Last time I spoke about leadership lessons from Kindergarten. This post is related – it’s about a hero that I have admired since childhood, Batman.
As a general rule, I’m not all that keen on superheroes. A lot of the new stuff is lost on me. That is, except for Batman. He’s my guy. Despite my best efforts, including reading this book (as an adult!) on how to become Batman, I have failed. I have come to terms with that and realise that I’m still OK despite being not being a superhero. Unfortunately, it took me until adulthood to get there!
For too many of us, we equate leadership with heroic behaviour and we put it up on a distant pedestal. We believe the myths that we have formed in our mind over time and think that leaders are born, they are the elite, they are the chosen ones. I’d like to encourage you to reconsider that for your sake and others. I believe that the sooner we get there as leaders, the better.
In my work with leaders and organisations, it is clear to me that leadership is something that we are all capable of and can all get better at. More often than not effective leadership is the product of small, human interactions rather than grand heroic gestures. Examples that clients have shared with me are buying a colleague a coffee because they were in back to back meetings, listening to (and not just hearing) the struggles of a project, acknowledging a job well done or empathising with someone when they stuffed up.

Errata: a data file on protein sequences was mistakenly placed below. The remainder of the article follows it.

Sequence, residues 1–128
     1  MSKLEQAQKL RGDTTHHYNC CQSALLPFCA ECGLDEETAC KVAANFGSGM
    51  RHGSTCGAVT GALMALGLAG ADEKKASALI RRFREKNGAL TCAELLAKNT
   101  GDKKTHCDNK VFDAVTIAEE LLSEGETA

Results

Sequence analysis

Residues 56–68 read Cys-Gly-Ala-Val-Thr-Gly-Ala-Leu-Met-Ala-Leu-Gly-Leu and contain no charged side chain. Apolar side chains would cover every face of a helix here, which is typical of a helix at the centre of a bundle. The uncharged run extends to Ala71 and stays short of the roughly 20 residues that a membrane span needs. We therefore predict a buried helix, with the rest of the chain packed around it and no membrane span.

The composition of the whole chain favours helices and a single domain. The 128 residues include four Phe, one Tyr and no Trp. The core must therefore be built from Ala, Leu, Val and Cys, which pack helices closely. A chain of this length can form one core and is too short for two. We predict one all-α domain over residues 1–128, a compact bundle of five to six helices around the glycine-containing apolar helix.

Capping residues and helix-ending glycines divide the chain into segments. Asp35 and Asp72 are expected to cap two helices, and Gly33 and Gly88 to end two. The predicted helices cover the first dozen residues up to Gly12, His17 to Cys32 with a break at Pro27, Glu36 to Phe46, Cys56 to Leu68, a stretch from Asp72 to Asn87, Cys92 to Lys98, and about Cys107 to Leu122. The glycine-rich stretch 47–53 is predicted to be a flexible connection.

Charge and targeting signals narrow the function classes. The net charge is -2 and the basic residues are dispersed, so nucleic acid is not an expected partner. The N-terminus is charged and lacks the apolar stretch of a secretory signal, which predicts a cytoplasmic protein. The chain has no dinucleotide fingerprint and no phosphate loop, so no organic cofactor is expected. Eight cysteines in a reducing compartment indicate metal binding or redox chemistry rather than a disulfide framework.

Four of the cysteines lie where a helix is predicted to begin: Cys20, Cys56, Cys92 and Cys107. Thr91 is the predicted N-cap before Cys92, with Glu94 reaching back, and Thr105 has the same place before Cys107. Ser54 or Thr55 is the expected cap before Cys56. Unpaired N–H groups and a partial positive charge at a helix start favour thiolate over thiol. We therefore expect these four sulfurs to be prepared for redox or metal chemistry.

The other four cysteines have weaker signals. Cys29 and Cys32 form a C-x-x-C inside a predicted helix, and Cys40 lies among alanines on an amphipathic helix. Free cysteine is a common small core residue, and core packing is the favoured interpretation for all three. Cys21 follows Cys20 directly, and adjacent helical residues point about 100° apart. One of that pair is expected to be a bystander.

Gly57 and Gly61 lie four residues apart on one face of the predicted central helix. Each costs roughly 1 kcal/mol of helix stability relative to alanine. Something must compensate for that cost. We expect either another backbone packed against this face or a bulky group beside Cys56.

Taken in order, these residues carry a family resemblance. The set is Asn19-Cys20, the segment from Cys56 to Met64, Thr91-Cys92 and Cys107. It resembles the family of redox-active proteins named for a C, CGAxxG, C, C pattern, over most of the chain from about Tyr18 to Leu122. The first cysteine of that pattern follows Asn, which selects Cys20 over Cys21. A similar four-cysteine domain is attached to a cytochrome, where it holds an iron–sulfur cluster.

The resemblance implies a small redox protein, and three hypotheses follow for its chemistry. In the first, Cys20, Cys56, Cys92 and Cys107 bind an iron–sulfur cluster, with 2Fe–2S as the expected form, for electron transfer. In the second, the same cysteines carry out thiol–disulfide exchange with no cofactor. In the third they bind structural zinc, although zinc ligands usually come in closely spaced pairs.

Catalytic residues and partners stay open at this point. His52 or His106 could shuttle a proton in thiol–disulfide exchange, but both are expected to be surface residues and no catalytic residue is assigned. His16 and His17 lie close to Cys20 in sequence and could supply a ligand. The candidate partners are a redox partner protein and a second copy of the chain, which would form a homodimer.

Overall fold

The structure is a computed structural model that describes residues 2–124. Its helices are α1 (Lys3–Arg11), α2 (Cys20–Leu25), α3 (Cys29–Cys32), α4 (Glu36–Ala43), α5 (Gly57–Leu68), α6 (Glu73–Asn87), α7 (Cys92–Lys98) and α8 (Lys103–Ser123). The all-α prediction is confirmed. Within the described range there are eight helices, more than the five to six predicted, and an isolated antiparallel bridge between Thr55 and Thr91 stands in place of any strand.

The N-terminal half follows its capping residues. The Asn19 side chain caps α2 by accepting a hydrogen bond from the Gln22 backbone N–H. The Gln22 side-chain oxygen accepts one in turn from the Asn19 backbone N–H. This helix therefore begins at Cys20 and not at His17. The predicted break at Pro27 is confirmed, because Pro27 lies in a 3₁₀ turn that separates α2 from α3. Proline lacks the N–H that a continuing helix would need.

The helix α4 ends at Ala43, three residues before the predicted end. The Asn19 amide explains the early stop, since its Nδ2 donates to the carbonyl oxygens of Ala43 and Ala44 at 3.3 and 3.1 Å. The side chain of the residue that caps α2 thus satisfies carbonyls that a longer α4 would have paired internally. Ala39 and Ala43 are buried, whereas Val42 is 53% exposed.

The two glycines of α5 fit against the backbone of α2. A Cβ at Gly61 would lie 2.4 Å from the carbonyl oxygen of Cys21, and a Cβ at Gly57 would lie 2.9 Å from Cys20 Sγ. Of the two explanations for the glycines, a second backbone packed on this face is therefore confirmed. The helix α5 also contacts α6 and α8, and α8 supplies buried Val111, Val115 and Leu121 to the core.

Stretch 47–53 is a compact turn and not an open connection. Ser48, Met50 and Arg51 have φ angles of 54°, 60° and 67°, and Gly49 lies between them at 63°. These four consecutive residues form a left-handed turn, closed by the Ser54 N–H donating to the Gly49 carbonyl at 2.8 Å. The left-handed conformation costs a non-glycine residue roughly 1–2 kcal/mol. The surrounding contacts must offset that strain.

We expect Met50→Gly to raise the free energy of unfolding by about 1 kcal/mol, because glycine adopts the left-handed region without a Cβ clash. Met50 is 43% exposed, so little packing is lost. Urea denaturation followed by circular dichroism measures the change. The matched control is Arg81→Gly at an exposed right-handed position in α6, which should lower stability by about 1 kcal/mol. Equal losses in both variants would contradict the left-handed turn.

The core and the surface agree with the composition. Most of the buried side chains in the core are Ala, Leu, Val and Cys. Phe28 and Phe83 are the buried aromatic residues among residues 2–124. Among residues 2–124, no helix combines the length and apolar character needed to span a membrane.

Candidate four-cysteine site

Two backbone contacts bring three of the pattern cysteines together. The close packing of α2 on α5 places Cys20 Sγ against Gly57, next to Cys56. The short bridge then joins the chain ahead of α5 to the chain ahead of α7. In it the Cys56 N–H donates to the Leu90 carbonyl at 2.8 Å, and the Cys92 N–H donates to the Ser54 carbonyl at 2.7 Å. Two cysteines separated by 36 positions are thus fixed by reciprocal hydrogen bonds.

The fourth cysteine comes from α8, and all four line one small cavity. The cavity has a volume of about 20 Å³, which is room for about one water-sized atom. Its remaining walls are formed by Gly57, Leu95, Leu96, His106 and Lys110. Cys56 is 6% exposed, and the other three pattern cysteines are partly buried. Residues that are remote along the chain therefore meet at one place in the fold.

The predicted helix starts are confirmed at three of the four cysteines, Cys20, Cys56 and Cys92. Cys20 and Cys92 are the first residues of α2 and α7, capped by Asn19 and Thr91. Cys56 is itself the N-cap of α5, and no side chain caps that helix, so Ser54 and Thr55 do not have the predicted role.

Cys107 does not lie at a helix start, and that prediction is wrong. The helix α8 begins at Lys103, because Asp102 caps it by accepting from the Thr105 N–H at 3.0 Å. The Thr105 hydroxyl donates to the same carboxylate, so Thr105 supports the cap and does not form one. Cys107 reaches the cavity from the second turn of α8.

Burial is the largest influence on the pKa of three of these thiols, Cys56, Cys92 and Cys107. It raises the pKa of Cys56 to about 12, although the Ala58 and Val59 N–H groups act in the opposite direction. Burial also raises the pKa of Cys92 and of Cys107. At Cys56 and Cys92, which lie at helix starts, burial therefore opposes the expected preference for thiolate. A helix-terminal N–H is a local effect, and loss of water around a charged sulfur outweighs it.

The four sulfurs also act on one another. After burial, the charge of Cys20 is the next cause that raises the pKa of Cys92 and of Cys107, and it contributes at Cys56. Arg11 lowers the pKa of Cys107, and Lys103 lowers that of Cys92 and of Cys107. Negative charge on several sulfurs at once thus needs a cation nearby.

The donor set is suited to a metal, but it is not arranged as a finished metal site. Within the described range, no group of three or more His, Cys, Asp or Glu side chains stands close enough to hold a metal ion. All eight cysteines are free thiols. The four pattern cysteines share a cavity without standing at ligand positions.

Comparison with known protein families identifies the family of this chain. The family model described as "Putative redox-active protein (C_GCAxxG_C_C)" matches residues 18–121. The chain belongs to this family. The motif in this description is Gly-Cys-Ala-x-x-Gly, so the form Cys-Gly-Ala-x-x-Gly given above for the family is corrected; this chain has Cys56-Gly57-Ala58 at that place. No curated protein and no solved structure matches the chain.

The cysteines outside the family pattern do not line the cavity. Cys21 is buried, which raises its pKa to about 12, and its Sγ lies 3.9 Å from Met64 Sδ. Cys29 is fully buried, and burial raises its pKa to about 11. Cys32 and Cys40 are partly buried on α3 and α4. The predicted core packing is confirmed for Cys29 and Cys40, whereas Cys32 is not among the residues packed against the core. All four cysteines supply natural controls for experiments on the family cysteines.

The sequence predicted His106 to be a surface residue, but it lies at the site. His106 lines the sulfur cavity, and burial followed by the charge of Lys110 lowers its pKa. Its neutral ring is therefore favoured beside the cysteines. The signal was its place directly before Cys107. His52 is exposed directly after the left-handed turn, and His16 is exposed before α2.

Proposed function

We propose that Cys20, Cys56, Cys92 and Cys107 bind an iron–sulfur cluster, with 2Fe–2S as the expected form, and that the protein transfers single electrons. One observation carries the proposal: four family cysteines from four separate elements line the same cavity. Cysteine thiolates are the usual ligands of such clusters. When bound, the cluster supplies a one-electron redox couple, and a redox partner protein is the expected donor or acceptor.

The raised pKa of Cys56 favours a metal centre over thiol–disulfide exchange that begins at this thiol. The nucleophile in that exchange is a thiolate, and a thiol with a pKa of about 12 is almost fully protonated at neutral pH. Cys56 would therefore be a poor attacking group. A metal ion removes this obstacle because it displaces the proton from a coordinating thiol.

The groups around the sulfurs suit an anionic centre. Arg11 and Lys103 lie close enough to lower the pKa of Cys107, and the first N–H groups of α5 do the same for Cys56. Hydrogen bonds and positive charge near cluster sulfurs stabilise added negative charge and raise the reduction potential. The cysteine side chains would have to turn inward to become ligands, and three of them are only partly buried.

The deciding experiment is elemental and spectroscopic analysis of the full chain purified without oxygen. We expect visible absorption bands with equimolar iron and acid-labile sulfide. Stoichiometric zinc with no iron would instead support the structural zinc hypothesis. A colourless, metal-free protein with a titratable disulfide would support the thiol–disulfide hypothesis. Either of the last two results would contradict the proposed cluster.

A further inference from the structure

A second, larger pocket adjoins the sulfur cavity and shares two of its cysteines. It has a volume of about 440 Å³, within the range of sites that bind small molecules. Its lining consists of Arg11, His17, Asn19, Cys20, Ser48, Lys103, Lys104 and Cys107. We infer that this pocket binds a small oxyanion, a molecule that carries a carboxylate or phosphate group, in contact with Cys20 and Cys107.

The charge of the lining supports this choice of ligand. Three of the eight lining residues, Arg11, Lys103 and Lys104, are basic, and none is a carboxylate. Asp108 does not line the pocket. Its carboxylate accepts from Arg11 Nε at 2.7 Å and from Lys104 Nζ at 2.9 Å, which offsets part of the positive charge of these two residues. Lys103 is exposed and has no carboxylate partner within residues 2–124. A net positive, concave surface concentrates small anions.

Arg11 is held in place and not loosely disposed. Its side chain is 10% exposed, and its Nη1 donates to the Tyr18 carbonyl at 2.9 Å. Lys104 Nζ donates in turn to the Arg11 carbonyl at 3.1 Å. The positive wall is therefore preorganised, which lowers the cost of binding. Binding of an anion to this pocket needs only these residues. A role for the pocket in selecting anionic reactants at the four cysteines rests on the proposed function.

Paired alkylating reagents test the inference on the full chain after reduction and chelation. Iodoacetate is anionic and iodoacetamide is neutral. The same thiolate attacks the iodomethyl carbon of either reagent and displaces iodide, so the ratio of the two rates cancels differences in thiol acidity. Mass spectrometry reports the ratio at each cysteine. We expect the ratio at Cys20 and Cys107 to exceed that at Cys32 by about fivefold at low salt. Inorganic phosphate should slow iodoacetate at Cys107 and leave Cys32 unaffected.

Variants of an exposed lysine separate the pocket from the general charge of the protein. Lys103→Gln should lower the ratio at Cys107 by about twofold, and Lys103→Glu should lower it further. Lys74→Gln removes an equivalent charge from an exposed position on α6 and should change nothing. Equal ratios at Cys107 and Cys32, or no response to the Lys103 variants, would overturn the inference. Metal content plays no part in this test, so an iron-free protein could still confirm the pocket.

None of this is particularly grand, but it makes a difference to others. It builds trust, authenticity, connection and plenty of the other leadership buzzwords that you probably hear.
Especially for first time leaders, this is an important message. The difference between the requirements of an individual contributor and a leader are significant and many.
It’s easy to forget that a lot of good leadership is a lot like being a good human.
You’ve probably done that at some point in your life.
Please don’t misunderstand me – being your version of a good human is hard work that requires commitment and consistency over time. We never master being a good human, but as we do it more, we make it more likely that others will do the same. It’s also the way to make a real difference for you and those that you lead.
Much like I (eventually) became comfortable with the fact that I was not Batman and that I’d just have to be me…I hope that you realise that we don’t need heroes as leaders. We need humans.
My questions for you to consider are:
- How can you do “more human and less hero” in your leadership?
- How can you help others turn up as a better version of themselves?